Remember Top Gun? Remember Tom Cruise’s all-American beach volleyball–playing, fighter pilot heroism? Well, the image of a tough guy pilot has evolved. Today’s world is one where you can kill with the push of a button from a comfortable chair in an air-conditioned room.
This brings us to Drones, a 2013 film that tells the story of two soldiers who are given the task of tracking a terrorist and deciding whether or not to kill him and his family with a deadly unmanned airborne robot. In a twist of pop culture fate, actor Whip Hubley, who played fighter jock ‘Hollywood’ in Top Gun plays ‘Colonel Wallace,’ in Drones.
Chloe Director spoke with Hubley about what it was like to play two very different embodiments of male combatants.
Chloe Director: What are the main differences between fighter pilots in Top Gun and fighter pilots now? Do they still have the same influence?
Whip Hubley: Well I would say that fighter pilots are still the same. I did Top Gun back in about 1985 or 6 and we went down to Miramar, which has now become a Marine Air Station. It was really exciting. So when we went back and they greeted us down there for the 25th anniversary they were really gung-ho. So many of them came up to me and said, “dude I’m a pilot because of you guys!” It gave my son some perspective on what kind of influence Top Gun had.
CD: Are you a big fan of these kinds of action movies?
WH: I have to underline the fact that I am not jingoistic. I am not in favor of what America does in the world imperialistically. I think it’s a shame and I would call myself a pacifist. So, you know, it’s a little bit ironic that I’m doing these films but you know you do what you have to do as an actor to a certain degree.
CD: So what is the difference between playing a fighter pilot and a drone pilot or drone commander for you?
WH: I would say that from the standpoint of what’s different about the drone pilot is you know it’s just a whole different sensibility. It’s a different world they live in. The drone pilots are disconnected from the battlefield. They’re sitting in a trailer in Nevada somewhere basically playing a real life video game. It’s more of a 9-5 job. They end their day and are waiting in line in Starbucks or grabbing a beer. But they know who they are killing. The fighter pilots are disconnected because they drop their payload and don’t know how many people they have killed or who they have killed.
CD: Was it more exciting then to be an 80’s fighter pilot, involved in action?
WH: Well you know it’s very different. I mean when we did Top Gun that was a blast. As an actor it was huge because it was a movie with Tom Cruise. They trained us inan F-14. We did the actual maneuvers that the script called for and it was the first time they used these planes instead of models.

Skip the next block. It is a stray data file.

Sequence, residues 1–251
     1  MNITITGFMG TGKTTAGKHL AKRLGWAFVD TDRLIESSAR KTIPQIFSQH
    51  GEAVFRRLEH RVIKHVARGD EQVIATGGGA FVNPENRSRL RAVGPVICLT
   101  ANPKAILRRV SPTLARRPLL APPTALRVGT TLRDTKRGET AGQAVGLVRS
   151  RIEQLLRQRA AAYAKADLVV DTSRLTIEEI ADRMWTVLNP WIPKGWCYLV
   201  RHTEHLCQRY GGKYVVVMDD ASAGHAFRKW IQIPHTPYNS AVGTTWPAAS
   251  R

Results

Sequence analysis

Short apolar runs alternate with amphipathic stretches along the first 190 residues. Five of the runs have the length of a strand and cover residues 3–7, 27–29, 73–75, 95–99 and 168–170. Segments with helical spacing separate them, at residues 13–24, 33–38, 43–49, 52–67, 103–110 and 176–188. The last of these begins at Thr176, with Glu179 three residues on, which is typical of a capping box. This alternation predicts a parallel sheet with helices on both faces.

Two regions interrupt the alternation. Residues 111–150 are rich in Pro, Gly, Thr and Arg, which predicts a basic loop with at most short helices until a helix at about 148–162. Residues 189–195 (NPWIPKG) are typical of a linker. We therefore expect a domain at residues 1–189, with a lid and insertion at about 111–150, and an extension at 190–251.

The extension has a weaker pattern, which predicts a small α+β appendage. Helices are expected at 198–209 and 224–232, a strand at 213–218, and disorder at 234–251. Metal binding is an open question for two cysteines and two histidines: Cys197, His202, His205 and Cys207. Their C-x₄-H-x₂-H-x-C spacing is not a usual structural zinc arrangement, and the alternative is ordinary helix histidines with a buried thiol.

CD: So did you prepare completely differently for the Drones movie?
WH: Yes. It’s a different time in my life playing a different type of character…a commanding officer. My wife jokes that I’m now in my Tom Skerritt years, who played the commanding officer in Top Gun. It was a different kind of preparation. In Drones, my whole thing was to keep these guys on track when I would see them start to waiver.
CD: Do you think that these drone pilots have a different concept of what it means to be a hero?
WH: Well the drone pilots are definitely doing their job but it’s not the same kind of heroism. You don’t get the big hoo-hah medals pinned on you or a pat on the back. But the drone pilots have a personal connection; they hover over their targets and get to know them. They are completely aware if they killed a mother and a child and they have to deal with that kind of PTSD.
CD: What was the most riveting part about working on Drones?
WH: I think just the imagination game… creating a reality of what it would be like.
CD: You mentioned the word “game”. Do you think these kind of movies and violent video games have impacted and will continue to impact our culture?
WH: Yeah. Definitely. I think there’s a whole generation being brought up on video games and it’s desensitizing them to violence. There very well may be a strong connection there to actual violence.
CD: We’ve been doing many pieces on commercial drones at KCRW. People use them for aerial footage filming or for spraying pesticides on their crops but they also use them for things as silly as walking the dog. Did Drones address this at all?
WH: No, the movie does not address commercial drones. I think there are specific uses for them that are beneficial but I don’t think delivering an Amazon package the same day by drone is at all necessary and I have no idea how the FAA would monitor the airspace.
CD: What do you think the future of drone movies is going to be for actors? Are we moving toward tech guys in a control room or will we still have those classic Top Gun action movies?
WH: I think we’re definitely trending toward the remote control thing. You know it was kind of attractive in the beginning, I thought. You don’t put the pilots in danger. But then just imagine what it’s going to be like when all these different countries have drones and the ability to kill anybody without any kind of risk.
You can find out how to watch the movie Drones here.